Translated and Sourced from Mizuki Shigeru’s Mujyara, A Diplomat in Japan, Part II: The Diaries of Ernest Satow, 1870-1883, Japanese Wikipedia, and Other Sources
At the beginning of the Heian era, during the reign of the Emperor Saga, lived the Empress-Consort Tachibana no Kachiko (橘嘉智子; 786-850CE). A devout Buddhist and holy woman, Tachibana founded the great Buddhist temple complex and learning center of Danrin-ji, and because of this was known as the Empress Danrin.
All of her life the Empress wanted to use her position and education to forward and spread the teachings of Buddha. But she had one major problem—Tachibana no Kachiko was cursed with a beautiful face. So much so that whenever she tried to teach people of the Buddha and warn them of the impermanent nature of life, she found herself constantly assailed by love letters and obscene offers instead of interested students . Even when she went to the mountain retreats to practice ascetic disciplines amongst the holy brothers—those who should have been spiritually armored against the temptations of flesh—the unwanted attentions were never ceasing.
This troubled Tachibana deeply. She knew that the beauty of her face and body were nothing; mere illusion that would fade and disappear. Yet with everyone so distracted by her transient beauty, how could they learn about the deeper truths of eternity? It was a question that would cloud her entire existence.
When the Empress died at the age of 64—still beautiful—her last will and testament was opened, and shocked the entire royal family. Instead of a state funeral and proper internment, the Empress requested that her body be garbed in the simplest cloth, then flung onto the streets. When people saw her delicate flesh rot away, the meat of her body picked at by crows and wild dogs, and her beautiful body reduced to unlovely bones, at last they would understand the impermanence of things and perhaps learn the lesson she had been trying to teach them.
And that is exactly what happened. The body of the Empress Tachibana no Kachiko was flung onto a dirty street in Kyoto, where it slowly rotted away and was picked at by crows and wild dogs. The body was dressed only in a simple katabira—the white kimono worn by Japanese corpses—and so the street where her body lay became known as the Katabira no Tsuji – The Crossroad of Corpses. Although many have forgotten the reason, the name remains and you can still go to Katabira no Tsuji today (Stop B1/A9 on the Arashiyama and Kitano lines in Kyoto).
Another grim tale for Halloween, but one that involves no actual ghost. In fact, according to Japanese tradition it would be impossible for Katabira no Tsuji to be haunted because the Empress got exactly what she wanted—she would have no lingering attachments or resentments keeping her tied to the living world. But you have to love the gruesome image, and the story that goes with it.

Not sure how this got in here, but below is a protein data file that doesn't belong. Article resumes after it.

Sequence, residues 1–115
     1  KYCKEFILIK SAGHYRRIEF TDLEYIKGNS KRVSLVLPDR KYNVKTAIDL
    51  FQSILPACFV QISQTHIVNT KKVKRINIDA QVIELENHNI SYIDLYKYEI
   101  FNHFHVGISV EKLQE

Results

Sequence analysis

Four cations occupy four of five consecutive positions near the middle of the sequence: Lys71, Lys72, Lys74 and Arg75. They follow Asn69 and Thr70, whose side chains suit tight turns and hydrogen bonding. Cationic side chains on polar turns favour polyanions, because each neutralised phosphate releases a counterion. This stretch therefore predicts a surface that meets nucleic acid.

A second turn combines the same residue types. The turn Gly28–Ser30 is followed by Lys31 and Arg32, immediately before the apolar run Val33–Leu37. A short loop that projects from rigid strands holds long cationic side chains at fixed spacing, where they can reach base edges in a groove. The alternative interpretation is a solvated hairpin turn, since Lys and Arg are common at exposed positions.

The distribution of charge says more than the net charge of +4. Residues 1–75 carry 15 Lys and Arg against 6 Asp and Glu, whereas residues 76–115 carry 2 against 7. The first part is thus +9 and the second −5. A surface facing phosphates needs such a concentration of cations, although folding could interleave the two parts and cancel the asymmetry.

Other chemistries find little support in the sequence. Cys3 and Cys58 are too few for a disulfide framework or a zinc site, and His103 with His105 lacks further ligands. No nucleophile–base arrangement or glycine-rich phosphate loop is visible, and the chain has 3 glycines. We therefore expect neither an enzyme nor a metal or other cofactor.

Katabira no Tsuji was included in Takehara Shunsen’s Yokai Catalog, the Ehon Hyaku Monogatari (絵本百物語; Picture Book of a Hundred Stories).
There is slightly more to the story. The devout Empress Tachibana no Kachiko’s final act did not go unnoticed, and started an entirely new kind of Buddhist painting known as Kyuaizu (九相図; The Nine Signs). These paintings juxtapose scenes of a person beautiful and alive with the nine stages of their corpse as it decomposes. These pictures were extremely realistic, and obviously drawn from studies of actual corpses decomposing over time.
Kyuaizu were generally painted of famous, beautiful woman to show how their charms and wonders were nothing more than rotting flesh and death—only the soul mattered. The honored courtesan Onono Komachi was a popular subject of Kyuaizu, which lead to some mixing between her story and the story of the Empress Tachinbana.
Ernest Satow, a diplomat stationed in Japan, was being shown around Kyoto in the late 1800s when he related this story in his diary:
“Passed Katabira ga Tsuji where the body of Onono Komachi was flung out to be devoured by kites. Kukakusa no Shosho made love to her and was refused. She promised to be his if he would visit her first during 100 continuous nights. He walked 3 ri there and 3 ri back, but when the 100th night came she was from home.”
This blog shows the Kyuaizu of Komachi in its entirety.
Stage 1 – Still Living (生前相)
Stage 2 – Freshly Dead (新死相)
Stage 3 – Filled with Gas (肪脹相)
Stage 4 – Consanguinity (血塗相)
Stage 5 – Flesh Rot (肪乱相)
Stage 6 – Discoloration (青瘀相)
Stage 7 – Food for Beasts (噉食相)
Stage 8 – Skeletal (骨連相)
Stage 9 – Nothing but Dust (古墳相)
For other death customs of Japan, check out: